Great advice from King David . . . and my mother, day 18
Today’s reading is drawn from Psalm 69:1-6.
It was going to be the biggest business deal of my life. My partner and I had orchestrated the purchase of a major corporation. We had done our due diligence, we had met with the executives of the for-sale company, we had prepared a business plan, we had raised all the money we would need to make an offer . . . and several counter-offers. We also had plenty of top-notch, meter-running lawyers and hard-charging brokers on point.
The rush of this deal was like nothing I had ever experienced before. I thought about our transaction all the time. I can remember waking up in the morning, lying quietly for a split second, then having “the deal” scream into my mind like a siren. I strategized about it in the shower and talked about it over oatmeal. My wife was very patient. I thought about the deal while driving to the office, eating lunch, sitting in church, flying on airplanes, jogging . . . you get the idea. Finally, on one mid-summer Tuesday afternoon, we tendered our opening offer.
The next morning, only a few hours after the company’s board had met to “accept our proposal,” I got a call from a broker. Somehow a very clever buyer — with a no-shop deal — had come to the table at the last moment. With no opportunity to let us counter-offer, the board accepted the other proposal. Our whole Wall Street transaction had slipped through our fingers. I was sick, broken, angry, embarrassed and confused. How could this have happened?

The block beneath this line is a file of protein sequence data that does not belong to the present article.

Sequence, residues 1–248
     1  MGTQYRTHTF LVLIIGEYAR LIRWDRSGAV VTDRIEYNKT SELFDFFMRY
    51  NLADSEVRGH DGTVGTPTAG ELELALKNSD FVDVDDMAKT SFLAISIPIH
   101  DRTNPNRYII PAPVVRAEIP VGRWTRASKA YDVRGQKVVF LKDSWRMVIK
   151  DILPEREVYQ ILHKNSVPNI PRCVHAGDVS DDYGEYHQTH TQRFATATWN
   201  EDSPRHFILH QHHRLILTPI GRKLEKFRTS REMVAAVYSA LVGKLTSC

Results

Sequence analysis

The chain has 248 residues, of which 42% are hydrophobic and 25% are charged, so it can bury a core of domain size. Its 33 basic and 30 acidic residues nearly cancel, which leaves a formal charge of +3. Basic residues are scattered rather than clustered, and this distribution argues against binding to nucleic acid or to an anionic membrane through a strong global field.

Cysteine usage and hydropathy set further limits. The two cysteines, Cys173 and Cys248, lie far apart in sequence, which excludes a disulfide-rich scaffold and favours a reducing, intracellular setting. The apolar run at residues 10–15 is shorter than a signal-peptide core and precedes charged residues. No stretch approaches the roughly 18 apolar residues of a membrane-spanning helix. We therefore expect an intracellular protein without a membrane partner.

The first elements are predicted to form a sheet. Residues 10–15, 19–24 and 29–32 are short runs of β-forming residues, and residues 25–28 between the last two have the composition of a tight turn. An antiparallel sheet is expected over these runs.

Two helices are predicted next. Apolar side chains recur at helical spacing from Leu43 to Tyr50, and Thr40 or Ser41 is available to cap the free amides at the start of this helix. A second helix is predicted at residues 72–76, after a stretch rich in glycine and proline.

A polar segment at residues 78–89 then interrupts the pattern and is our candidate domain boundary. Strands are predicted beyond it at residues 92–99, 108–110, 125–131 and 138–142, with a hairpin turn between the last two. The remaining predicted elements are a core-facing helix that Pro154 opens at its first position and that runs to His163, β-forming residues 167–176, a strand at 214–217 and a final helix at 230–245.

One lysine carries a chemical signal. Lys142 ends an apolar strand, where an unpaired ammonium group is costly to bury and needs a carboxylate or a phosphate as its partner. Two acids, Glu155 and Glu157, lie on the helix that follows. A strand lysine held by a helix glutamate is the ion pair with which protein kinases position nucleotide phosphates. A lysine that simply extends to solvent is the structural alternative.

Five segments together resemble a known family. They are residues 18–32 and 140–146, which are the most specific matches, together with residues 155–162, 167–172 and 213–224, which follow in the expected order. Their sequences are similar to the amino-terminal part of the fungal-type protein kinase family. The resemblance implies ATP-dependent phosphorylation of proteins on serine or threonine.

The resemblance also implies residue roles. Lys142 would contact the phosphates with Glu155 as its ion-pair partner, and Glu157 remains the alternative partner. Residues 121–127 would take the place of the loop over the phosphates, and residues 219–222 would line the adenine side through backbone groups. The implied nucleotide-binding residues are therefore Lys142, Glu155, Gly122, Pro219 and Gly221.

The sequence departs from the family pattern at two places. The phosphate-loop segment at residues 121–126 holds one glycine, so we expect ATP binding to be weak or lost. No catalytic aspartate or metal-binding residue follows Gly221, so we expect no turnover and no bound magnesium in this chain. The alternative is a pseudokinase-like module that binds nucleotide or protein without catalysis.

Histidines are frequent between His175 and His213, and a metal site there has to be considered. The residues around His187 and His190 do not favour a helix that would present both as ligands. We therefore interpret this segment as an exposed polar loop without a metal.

The first two words of today’s psalm say it all: “Save me.” King David must have just lost the deal of a lifetime. ”the floods engulf me . . . my throat is parched” (vv. 1 – 3). That’s okay, David, I know just how you felt.
When I was a kid, my mother used to lean in on me when I was facing an unusually horrible youngster-type crisis. “Robert,” she’d warn, “this is a test. How well you do will be an example for good or not-so-good.” Her wise words came crashing back on my consciousness that July morning. It’s not what happens to me that matters, I recalled from something I had read, It’s what happens when something happens to me that really counts.
Did you read verse 6? “May those who hope in you not be disgraced because of me.” The lesson is unmistakable. My friends are watching me when the deal goes bad, when my faith is shattered, when things don’t turn out as I had planned. It’s my chance to show them how my love for God and His love for me is absolutely enough. My reaction to failure delivers an opportunity — a test — to prove how quick He is to meet my needs. It’s my chance to make Him look good.
Thanks for the reminder, David. Thanks, Mom.